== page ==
While most of the world’s labor pool is already feeling the ill effects of the crisis, there are a few notable exceptions in which suppliers of transnational labor are benefiting temporarily from the crisis. Bangladesh and Nepal, both low on the wage and protection scale, appear to have benefited somewhat – at least initially – from the readjustments to the global labor flows brought about by the crisis. In the first two months of 2009, both Nepal and Bangladesh reported significant increases in the flows of workers leaving for work abroad and remittances coming back to bolster their respective economies; remittances in both countries account for more than 15 percent of gross domestic product. The March 2009 World Bank report acknowledged a surge in remittance flows to South Asia in 2008, but estimates a sharp slowdown in 2009.

More Demand for Human Trafficking

The global economic crisis is also boosting the demand side of human trafficking. The UN’s Office on Drugs and Crime published its second global trends in trafficking in persons in February 2009. UN officials said the worldwide rise in this form of modern-day slavery is a result of a growing demand for cheap goods and services. They expect the impact of the crisis to push more business underground to avoid taxes and unionized labor. And they anticipate increasing use of forced, cheap, and child labor by multinational companies strapped by financial struggles.

A rise in protests among migrant workers is a sign that the exploitation of workers is already reaching new heights. Employers facing a credit crunch are ceasing payments or coercing workers to accept less agreeable conditions. Chinese workers in some parts of Europe have experienced labor exploitation and may be vulnerable to forced labor as the crisis is prolonged. This has prompted an unprecedented official warning from the Chinese government in April 2009 that workers should avoid migrating to Europe because of the increasing threat of nonpayment or late payment and the potential for severe exploitation in the economic downturn. And press in the United Arab Emirates reported a 111 percent rise in complaints of nonpayment of wages among foreign workers in late 2008, compared with the same period in 2007.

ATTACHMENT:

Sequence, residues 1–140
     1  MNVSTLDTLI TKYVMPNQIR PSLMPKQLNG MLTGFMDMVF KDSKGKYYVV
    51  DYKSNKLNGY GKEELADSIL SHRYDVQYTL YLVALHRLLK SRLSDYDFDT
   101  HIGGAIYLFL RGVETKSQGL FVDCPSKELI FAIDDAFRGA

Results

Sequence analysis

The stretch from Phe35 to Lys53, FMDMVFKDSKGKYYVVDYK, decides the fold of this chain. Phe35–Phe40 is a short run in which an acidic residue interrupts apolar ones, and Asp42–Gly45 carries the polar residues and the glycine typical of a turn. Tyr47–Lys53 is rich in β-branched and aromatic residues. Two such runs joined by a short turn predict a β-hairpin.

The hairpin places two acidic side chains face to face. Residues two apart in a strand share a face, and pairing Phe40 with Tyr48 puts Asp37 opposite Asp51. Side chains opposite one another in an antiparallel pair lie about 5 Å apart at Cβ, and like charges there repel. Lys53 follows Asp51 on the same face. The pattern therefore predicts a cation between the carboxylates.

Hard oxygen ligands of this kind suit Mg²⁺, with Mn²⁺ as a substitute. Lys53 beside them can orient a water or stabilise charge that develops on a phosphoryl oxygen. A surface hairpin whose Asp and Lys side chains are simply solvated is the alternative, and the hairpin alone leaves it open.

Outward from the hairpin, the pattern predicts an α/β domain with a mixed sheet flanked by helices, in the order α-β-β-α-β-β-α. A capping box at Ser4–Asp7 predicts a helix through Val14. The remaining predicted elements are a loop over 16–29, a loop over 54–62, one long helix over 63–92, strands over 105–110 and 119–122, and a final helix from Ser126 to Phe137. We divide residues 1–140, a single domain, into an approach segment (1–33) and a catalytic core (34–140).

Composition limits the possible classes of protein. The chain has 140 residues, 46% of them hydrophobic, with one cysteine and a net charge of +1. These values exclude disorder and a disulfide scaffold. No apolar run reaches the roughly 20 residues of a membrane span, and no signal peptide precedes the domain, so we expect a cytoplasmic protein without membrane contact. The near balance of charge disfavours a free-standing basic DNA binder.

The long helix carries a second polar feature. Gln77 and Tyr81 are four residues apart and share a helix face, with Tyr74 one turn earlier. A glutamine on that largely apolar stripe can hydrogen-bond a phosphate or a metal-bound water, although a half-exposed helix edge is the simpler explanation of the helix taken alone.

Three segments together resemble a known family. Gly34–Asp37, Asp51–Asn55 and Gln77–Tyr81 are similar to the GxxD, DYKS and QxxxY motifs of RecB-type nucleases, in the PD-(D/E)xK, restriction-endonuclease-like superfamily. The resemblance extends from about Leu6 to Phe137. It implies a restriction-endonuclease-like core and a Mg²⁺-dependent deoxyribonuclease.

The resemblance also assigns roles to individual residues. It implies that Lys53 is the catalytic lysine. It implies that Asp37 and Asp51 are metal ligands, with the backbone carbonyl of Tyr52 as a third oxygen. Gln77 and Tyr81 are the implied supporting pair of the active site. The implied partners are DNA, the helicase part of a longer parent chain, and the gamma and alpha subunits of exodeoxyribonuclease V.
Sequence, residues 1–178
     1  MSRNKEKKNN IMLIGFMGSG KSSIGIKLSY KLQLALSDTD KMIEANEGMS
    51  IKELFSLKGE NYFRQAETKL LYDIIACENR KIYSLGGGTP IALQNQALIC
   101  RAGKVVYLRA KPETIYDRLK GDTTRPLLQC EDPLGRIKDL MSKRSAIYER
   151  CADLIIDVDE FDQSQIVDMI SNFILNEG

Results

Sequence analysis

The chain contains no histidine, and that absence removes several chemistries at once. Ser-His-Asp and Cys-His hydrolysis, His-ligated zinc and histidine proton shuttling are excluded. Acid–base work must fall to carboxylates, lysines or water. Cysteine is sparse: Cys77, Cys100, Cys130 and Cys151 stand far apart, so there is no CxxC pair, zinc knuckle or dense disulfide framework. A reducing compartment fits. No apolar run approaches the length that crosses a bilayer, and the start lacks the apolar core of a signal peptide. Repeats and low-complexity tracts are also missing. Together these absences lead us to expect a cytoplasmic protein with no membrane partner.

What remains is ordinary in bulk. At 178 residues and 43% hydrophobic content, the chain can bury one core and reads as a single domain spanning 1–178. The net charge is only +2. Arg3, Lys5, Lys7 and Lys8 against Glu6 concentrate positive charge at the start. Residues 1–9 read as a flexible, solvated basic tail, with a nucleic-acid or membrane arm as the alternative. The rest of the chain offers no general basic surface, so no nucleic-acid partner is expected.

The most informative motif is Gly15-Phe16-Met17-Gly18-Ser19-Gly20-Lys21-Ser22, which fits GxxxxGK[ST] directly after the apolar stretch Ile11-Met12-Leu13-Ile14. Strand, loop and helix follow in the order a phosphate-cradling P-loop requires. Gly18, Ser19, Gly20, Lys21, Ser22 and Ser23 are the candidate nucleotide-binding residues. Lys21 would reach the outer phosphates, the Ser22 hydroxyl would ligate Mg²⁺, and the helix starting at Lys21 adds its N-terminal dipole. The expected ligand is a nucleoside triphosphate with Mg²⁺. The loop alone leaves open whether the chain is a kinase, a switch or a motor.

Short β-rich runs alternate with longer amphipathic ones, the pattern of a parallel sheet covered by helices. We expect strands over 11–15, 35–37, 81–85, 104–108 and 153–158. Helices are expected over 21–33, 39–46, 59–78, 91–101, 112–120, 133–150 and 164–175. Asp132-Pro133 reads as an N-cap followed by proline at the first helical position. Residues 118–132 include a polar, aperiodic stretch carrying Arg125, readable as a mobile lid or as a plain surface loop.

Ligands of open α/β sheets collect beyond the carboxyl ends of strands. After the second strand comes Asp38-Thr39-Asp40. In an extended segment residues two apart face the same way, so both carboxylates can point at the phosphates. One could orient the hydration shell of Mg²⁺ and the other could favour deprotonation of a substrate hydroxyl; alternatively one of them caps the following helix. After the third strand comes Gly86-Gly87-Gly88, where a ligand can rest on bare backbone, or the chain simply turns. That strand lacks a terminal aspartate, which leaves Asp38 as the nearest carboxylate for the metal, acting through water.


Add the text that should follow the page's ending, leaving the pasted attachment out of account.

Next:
In these and other countries, foreign workers also fear large-scale layoffs, which could increase the number of illegal foreign workers in the host countries. And loss of legal status makes migrant workers vulnerable to greater exploitation, including forced labor.

Calling such exploitation “the anti-thesis of development,” UN Secretary-General Ban Ki-moon stated at a meeting in the Philippines: “Only by safeguarding the rights of migrants, and ensuring that migrants are treated with dignity and respect due any human being, can we create the conditions which migration can contribute to development. In this time of financial hardships, we all need to be especially vigilant.”

The crisis is also affecting internal labor markets. In China, approximately 20 million of the 130 million migrant workers in the country had already returned home by February 2009 due to lack of work, according to official statistics based on a survey conducted by the Ministry of Agriculture. In addition, the ILO estimates 9,000 factory closures before spring and thousands more after. In the Philippines, economists and labor officials predict a loss of up to 800,000 jobs in 2009.

A Fraying Net

As more people become vulnerable to trafficking, fewer are likely to find local sources of assistance. Facing thin “safety nets” provided by their governments or the governments of labor-demand countries even in the best of times, workers now seem less likely to find services or legal recourse available to them when they face forced labor.

The tough times are also affecting the work of anti-trafficking NGOs, which often provide crucial services in the absence of adequate government or private-sector programs. Donors are tightening their belts, and organizations are finding it difficult to continue their operations.